In order to bring the issue of abortion to the Supreme Court, a case had to be built. More specifically, a state legislature would have to pass a law restricting abortion before viability, wait for that law to be challenged under the viability standard established in Roe and Casey, and have it appealed all the way to the Supreme Court. To that end, ADF looked at states’ attorney generals, specific courts, and legislatures to begin the process. Utah and Arkansas were interested in passing laws to challenge the viability standard—which they eventually did in 2019—but Mississippi beat them to it, and ADF got its golden ticket. 

In 2018, Mississippi passed The Gestational Age Act—which ADF helped draft— to protect unborn children after 15 weeks, with exceptions for medical emergencies or severe fetal abnormality. Within a day of the act’s passage, Mississippi’s only abortion clinic, Jackson Women’s Health Organization, and one of its doctors, Sacheen Carr-Ellis, challenged the act’s constitutionality by suing Thomas E. Dobbs, a state health officer with the Mississippi State Department of Health, and Kenneth Cleveland, executive director of the Mississippi State Board of Medical Licensure. Dobbs had begun and it gave an unprecedented opportunity to the pro-life movement. 

ADF took full advantage of this, although they kept their involvement under wraps. For example, Erin Hawley, senior counsel at ADF and wife to Senator Josh Hawley from Missouri, served as co-counsel on the case, a fact which was not widely publicized. They did this to avoid gratuitous attacks from progressive groups, such as Southern Poverty Law Center, that could undermine its case. ADF’s prudent and quiet strategy has allowed them to make steady headway in the fight against abortion and other causes.  

Through work like this, ADF has contributed to a transformation of the legal and judicial culture in the United States. Meanwhile in Europe and elsewhere, ADF International, a partner organization, has focused on defending fundamental freedoms through regional and local teams with great success, including 26 wins at the European Court of Human Rights.  Recent cases include defending the rights of pro-life advocates  to pray and speak freely in public and on university campuses. In July 2022, they supported a 76-year-old grandmother by successfully challenging a police penalty after she was arrested and fined for taking a silent prayer walk near an abortion facility. 

Perhaps this year’s most notorious case was that of Finnish MP Päivi Räsänen and Bishop Juhana Pohjola. Räsänen, also former minister of the interior, was charged with ‘hate speech’ for sharing her faith-based views on marriage and sexual ethics in a 2019 tweet, a 2019 radio debate, and a pamphlet published in 2004. Bishop Pohjola faced charges for publishing Räsänen’s pamphlet for his congregation over 17 years ago. ADF International provided legal support, and on March 30th, a Finnish court dismissed all charges and upheld the right to free speech.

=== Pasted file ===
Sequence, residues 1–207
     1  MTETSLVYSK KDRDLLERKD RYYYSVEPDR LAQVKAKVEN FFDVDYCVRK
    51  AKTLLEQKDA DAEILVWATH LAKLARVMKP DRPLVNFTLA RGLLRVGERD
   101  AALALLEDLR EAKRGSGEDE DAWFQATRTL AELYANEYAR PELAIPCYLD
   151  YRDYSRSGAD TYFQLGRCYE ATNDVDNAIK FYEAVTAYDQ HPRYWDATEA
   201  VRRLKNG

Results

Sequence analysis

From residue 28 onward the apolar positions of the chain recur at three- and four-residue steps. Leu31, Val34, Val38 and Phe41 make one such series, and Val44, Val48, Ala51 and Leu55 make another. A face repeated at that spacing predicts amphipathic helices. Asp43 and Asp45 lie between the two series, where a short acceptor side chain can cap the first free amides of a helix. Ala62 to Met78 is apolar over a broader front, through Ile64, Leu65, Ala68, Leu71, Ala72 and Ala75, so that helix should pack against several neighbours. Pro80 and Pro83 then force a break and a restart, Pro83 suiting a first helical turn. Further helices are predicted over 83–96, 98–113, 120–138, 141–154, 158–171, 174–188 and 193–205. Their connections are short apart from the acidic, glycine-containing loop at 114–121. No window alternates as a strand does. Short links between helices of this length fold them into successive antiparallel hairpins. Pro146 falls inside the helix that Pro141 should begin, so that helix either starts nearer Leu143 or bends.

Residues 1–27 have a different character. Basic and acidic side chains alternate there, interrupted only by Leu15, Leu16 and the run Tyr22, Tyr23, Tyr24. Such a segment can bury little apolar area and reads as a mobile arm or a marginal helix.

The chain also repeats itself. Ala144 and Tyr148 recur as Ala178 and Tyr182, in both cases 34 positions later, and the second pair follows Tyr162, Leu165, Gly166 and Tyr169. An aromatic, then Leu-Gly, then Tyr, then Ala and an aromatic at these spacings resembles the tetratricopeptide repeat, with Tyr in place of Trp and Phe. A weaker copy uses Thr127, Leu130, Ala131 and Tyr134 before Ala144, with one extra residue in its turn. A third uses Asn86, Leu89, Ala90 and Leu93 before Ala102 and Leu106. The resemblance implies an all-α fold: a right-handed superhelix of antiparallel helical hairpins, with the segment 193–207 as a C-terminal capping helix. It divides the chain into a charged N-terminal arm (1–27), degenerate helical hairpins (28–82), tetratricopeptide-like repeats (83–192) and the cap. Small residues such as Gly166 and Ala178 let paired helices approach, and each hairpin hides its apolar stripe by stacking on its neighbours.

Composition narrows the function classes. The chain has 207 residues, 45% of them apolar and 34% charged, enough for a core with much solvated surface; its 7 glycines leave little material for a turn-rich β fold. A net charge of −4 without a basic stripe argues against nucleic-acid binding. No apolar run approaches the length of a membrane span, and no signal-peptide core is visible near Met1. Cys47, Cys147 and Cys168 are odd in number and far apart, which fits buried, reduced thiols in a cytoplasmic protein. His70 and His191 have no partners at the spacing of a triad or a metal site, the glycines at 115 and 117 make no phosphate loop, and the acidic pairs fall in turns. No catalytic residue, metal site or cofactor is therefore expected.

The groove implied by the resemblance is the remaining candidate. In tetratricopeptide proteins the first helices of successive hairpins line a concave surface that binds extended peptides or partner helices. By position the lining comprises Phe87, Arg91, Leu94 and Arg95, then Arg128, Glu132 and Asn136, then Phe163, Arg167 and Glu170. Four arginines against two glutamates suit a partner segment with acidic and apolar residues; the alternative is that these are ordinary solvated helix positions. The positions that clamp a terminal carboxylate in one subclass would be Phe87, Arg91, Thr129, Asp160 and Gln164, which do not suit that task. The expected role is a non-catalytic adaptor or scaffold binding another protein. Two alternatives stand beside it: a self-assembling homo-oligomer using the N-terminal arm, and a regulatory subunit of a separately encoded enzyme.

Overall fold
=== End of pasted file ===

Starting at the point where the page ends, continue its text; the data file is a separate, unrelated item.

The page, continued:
However, the court’s decision was appealed by the prosecution and the case has been reopened. Many would interpret this as a setback, but more strategic minds see it as an opportunity. Päivi Räsänen expressed this spirit of optimism: 

[T]he prosecutor’s decision to appeal may lead to the case going all the way to the Supreme Court, offering the possibility of securing a positive precedent for freedom of speech and religion for all Finnish people. Also, I am happy that this decision will lead to the discussion of the Bible’s teachings in society. I am ready to defend freedom of speech and religion in all necessary courts. As far as the European Court of Human rights, if necessary. 

This is the proper approach to defend and advance our cause. We should be fueled by a smart and hopeful attitude. It is no coincidence that hope is one of the three theological virtues in Christian tradition. It teaches us that however difficult our circumstances are, we must never fall into despair. 

Our society gives us  many opportunities to speak the truth. We should take full advantage by giving powerful testimony in order to accomplish our aims and inspire our fellow conservatives. In this regard, ADF gives us an example of the leadership we need. Prudence, courage, skill, strategy, and direction are all elements that will lead to success. We have been called to do the right things right. This is how we fight the good fight.

Juan Ángel Soto Gómez is a strategic consultant based in Madrid.